The production cut could also accelerate the world’s changing flows of oil sales since the Ukraine invasion. China, which is seeing slowing economic growth, is turning to Russia for cheaper oil. At the same time, Europe is being forced to buy more expensive oil from Middle Eastern countries since it stopped buying oil from Russia over the Ukraine invasion.

Oil prices have been falling in part due to slowing growth in China, which has been hit by persistent Covid-prevention measures. The World Bank has said it expects China’s economy to expand 2.8% in 2022, down from a 4.3% forecast in June.

Because the ultimate decision about a production cut will be hotly debated, the group decided to meet in person in Vienna on Wednesday for the first time since the beginning of the pandemic, the delegates said. Other options being considered include a smaller reduction of 500,000 barrels a day or as much as 1.5 million barrels a day, the delegates said.

Russia and Saudi energy ministries didn’t immediately respond to requests for comment.

The option to cut more than 1 million barrels a day is backed by Russia, the group’s biggest non-OPEC partner.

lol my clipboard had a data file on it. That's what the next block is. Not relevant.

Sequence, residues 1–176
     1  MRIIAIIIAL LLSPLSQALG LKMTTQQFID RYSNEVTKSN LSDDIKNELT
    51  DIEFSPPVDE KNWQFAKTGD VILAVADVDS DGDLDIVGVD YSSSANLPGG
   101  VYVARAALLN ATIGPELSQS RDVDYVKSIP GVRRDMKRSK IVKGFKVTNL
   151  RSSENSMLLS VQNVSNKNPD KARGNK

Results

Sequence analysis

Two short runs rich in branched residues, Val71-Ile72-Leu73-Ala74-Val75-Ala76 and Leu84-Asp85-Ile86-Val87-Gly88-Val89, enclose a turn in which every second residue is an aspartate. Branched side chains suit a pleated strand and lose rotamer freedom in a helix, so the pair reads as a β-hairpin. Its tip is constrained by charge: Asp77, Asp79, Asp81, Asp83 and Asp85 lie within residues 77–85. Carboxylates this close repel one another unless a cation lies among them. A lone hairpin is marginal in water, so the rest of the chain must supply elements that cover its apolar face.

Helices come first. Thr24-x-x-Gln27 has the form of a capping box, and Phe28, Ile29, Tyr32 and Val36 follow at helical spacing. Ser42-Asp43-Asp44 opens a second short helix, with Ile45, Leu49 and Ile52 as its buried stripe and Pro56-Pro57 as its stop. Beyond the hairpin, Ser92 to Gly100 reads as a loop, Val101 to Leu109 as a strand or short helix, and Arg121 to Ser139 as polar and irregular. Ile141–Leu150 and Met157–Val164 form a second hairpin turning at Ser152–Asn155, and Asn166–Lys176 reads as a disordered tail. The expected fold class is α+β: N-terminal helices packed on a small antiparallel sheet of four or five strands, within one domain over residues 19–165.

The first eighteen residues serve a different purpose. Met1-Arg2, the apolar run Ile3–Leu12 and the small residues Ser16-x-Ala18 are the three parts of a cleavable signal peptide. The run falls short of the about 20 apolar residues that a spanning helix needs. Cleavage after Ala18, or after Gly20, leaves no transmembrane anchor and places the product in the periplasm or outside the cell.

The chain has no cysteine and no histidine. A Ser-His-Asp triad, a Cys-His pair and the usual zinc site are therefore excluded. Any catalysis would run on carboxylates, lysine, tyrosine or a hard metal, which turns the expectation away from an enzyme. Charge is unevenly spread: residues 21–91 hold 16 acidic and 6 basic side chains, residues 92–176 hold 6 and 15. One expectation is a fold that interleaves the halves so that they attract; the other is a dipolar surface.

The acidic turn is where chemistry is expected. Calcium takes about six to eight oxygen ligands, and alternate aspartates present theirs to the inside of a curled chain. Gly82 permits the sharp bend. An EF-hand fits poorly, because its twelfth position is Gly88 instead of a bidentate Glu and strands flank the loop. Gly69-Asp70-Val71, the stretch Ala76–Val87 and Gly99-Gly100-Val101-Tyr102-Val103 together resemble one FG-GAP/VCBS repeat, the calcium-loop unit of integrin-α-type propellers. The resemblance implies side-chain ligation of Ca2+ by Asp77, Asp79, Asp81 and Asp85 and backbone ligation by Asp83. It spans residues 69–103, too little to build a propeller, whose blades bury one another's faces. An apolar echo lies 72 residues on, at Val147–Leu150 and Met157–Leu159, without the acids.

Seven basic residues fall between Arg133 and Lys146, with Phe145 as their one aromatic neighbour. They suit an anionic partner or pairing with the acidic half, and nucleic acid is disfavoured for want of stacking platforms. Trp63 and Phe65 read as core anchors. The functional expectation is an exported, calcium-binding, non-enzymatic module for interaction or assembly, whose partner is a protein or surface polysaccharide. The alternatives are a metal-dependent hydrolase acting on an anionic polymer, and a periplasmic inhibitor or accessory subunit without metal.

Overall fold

High oil prices have been beneficial for OPEC+, an alliance of oil-producing countries that controls more than half of the world’s output. WSJ’s Shelby Holliday explains what OPEC+ countries are doing with the windfall and why they aren’t likely to distance themselves from Russia. Illustration: Adele Morgan

A costly war, lower energy prices and a new round of Western sanctions threaten to bear down on Russia’s already embattled economy. The country is trying to maximize its windfall from soaring energy prices—Russia’s main economic strength—after the government’s budget reported a deficit due to diminished energy revenue.

“Cuts and higher prices would certainly be at least a short term win for Russia as we approach winter,” said Mr. Hamaizia.

But the cartel’s biggest exporter, Saudi Arabia, has some reservations on the size of the cut, the delegates said.

OPEC+ agreed last month to cut oil production for the first time in over a year, saying it would cut about 100,000 barrels a day amid fears of a global recession.

The move ended an 18-month era of production increases for OPEC+. The group slowly brought crude back onto the market after a dramatic cut during the pandemic when demand plunged.

The Saudis have pursued a more aggressive oil policy this year as oil prices rose during the Ukraine war. Higher oil prices have helped Saudi Arabia become one of the world’s fastest-growing economies this year and infused with cash an ambitious economic overhaul launched by the kingdom’s de facto ruler Crown Prince Mohammed bin Salman.

In one way, an OPEC+ cut won’t make much meaningful difference in the day-to-day oil market. The group has been undershooting its targets by more than 3 million barrels a day for much of the year, with Russian production falling and big producers like Nigeria and Angola struggling to invest enough to raise output.

Write to Benoit Faucon at benoit.faucon@wsj.com and Summer Said at summer.said@wsj.com